Willis Research Network to Assess Impact of ‘Extreme Events’

September 20, 2010

Willis Group Holdings announced that its research network partner (WRN – www.willisresearchnetwork.com), a collaboration between academia, industry and government, “is marshalling the expertise of its international membership base to assess the physical, strategic, operational, and financial risks posed by extreme events.”

Willis announced the initiative at the recent Reinsurance Rendezvous in Monte Carlo. It aims to place the insurance industry at the “epicenter of industrial and social sustainability efforts.”

Rowan Douglas, Chairman of the WRN and CEO of Global Analytics, observed that from “corporate financial stress and bankruptcy on Wall Street, to poverty and mortality in developing countries, it is increasingly clear each day that our industry’s and our society’s sustainability is inextricably linked to our ability to avoid and manage extremes.”

The bulletin pointed out that the first six months of 2010 “saw insured catastrophe losses exceed $20 billion–equivalent to the total losses incurred during the whole of 2009.” It also cited Standard & Poor’s estimates “that more than half of the reinsurance sector’s annual catastrophe budget had already been eroded before the onset of the U.S. hurricane season.”

Munich Re’s estimates of the year’s insured losses to date are $22 billion in the wake of the Chilean earthquake, the U.S. winter storms, Windstorm Xynthia in Europe, hail in and around Melbourne, and widespread flooding in several territories. According to S&P, this represents the highest level of first-half losses seen during the last decade, and more than double the average.

WRN also highlighted the following interesting statistics:
— In the past three decades, direct global economic losses for all types of natural catastrophes have averaged US$90 billion per year, with 78 percent of those natural catastrophes being weather related.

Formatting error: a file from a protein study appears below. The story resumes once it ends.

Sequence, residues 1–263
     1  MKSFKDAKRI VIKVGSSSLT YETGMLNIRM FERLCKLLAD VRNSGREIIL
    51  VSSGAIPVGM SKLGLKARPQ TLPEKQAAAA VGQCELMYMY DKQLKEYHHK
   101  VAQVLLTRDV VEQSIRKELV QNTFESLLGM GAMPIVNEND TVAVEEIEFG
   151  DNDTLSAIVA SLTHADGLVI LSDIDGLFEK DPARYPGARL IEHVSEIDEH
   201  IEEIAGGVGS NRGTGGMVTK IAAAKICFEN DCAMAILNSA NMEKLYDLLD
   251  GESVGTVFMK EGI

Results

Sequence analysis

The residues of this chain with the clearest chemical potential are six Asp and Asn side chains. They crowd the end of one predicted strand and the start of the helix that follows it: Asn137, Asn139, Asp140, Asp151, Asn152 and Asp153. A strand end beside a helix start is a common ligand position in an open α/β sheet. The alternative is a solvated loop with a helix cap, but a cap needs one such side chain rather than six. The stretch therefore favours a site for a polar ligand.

— 85 percent of deaths associated with all natural catastrophes over that timescale have occurred in developing countries (Munich Re, 2010).
— Commonly cited risk drivers include threats imposed by variability in today’s climate, development pathways increasing human vulnerability including population growth and urban concentration, natural resource depletion, low quality housing, and additional potentially devastating, uncertain risks from climate change that may worsen weather-related catastrophes.

Willis indicated, citing the systemic risk that led to the unraveling of the global financial system, that the “reinsurance industry, backed by cutting-edge science, is in a strong position to help industry and governments share the burden and costs of extreme events.”

Douglas added: “The obligations imposed by regulators to ensure our industry has sufficient capital to withstand the maximum probable losses expected once every 200 years are only set to toughen with the introduction of laws like Solvency II, the creation of an Office of National Insurance within the U.S. Treasury, and a reshuffling of financial regulation in Britain.

“No other branch of the finance industry has to manage to such extreme thresholds of sustainability as part of its everyday operations as ours, so it makes perfect sense to position insurers at the forefront of global sustainability.”

As a result the methods and principles used to evaluate and calculate the risks of natural catastrophes are being increasingly “employed to understand our exposure to manmade disasters, the meltdown of financial markets, and other systemic risks,” said the report. “All these analyses are now being conducted in an increasingly unified ‘modeled world’, with the benefits moving far beyond the insurance industry and people in rich nations, to helping governments, aid agencies, and local communities advance sustainable development and alleviate poverty in developing nations.”

“Insurance is transitioning from the unfashionable branch of the finance sector, to the ultimate ‘community product,’ enabling populations to share the costs of extreme events at local and global scales,” Douglas concluded. “This is locating insurance at the very heart of the search for sustainable futures.”

Source: Willis Group Holdings

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